Talking Signs can be used without putting your mobility skills on hold. Suppose you are looking for a curbside telephone booth, and suppose the street is at your left. It is all right to point the receiver 45 degrees left while you are walking along, waiting for a phone booth to announce itself in your receiver. Once heard, it is not all right to swerve toward it without checking the new direction with your cane; doing so might hang your liver on the handlebars of a motorcycle. Once the first announcement is heard, perhaps the best tactic is to point the receiver directly to the left and walk past the desired phone booth. Then, knowing about where it is, pocket the receiver; use your mobility skills to find the phone booth--guarding your head with your free arm as you deem necessary.

When I'm down at 5th and Market and I find the crosswalk I want, I note how the cycle is progressing; if it is saying green, I wait a cycle, and when it next says "green," I deep-pocket that receiver. Thus undistracted, I become a precision combination of traffic lawyer and sense organ. Listening to all traffic and double-checking its direction, I trust my fate to the best guardian I know--me.

Consider the example of a hotel built around a large atrium. The unthinking designer might suppose that all Talking Sign transmitters should be high enough in power to make everything visible from any point on the pathway around the atrium. This would lead to a blend of signals of similar amplitudes which the receiver, pointing across the atrium, could not differentiate. I suggest that no more than two transmitters be of high enough power to transmit across the atrium--most likely indicating the exits or elevators. So that individual rooms and restaurants can be singled out as the traveler walks around the pathway, signals should be just strong enough to reach the rail bordering the atrium.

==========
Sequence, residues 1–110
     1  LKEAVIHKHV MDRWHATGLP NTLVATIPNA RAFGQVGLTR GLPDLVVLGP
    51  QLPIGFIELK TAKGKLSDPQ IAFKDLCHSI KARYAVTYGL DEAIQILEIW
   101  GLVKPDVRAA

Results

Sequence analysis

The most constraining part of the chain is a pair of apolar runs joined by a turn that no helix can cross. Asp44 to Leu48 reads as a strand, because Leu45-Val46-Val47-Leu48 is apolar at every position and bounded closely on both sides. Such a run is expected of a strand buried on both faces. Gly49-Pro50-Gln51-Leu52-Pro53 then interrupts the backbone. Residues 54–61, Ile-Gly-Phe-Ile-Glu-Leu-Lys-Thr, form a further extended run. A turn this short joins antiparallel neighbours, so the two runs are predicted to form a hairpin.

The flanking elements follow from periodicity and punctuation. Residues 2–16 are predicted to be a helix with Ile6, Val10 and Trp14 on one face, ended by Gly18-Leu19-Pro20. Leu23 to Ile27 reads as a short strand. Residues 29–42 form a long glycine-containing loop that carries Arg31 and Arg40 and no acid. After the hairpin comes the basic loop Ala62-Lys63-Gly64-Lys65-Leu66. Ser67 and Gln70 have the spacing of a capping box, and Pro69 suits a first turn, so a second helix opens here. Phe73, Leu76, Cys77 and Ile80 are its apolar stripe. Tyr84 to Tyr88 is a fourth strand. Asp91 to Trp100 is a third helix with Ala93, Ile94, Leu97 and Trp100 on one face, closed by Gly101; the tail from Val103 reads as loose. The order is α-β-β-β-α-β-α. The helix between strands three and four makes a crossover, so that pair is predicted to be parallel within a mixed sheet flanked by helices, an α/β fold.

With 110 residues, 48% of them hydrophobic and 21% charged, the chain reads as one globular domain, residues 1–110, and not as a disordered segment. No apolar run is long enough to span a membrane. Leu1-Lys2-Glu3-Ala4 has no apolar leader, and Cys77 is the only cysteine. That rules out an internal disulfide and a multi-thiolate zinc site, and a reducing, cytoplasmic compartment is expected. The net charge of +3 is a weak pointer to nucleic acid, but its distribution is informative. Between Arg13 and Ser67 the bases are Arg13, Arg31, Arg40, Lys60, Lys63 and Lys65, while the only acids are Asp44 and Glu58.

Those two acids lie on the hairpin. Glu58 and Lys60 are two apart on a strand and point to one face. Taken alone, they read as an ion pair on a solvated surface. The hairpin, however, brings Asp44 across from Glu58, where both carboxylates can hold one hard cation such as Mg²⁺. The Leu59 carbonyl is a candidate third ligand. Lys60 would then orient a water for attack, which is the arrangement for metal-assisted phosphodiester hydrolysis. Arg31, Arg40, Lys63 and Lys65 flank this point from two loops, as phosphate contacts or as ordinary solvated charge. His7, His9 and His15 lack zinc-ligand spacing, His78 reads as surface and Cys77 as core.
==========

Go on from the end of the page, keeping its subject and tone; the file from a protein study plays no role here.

I firmly believe that it is the blind travelers "lot" to walk around more than other people in order to "get the lay of the land" and to find things. Talking Signs should not attempt to mitigate this requirement.

A temptation is to consider that, as one immediately enters an airport, one should be able to stand in one spot and know where restrooms, check-in counters, and security stations are located. I don't think this is technically feasible, nor do I think it is a good idea. What I want from Talking Signs is to hear what various desk areas and doorways are for with out feeling doors for raised signs and without having to ask every proprietor what his station is. I want to walk around and shop in a shopping center, not stand in one place and sample a directory from a distance; I could telephone a passive directory.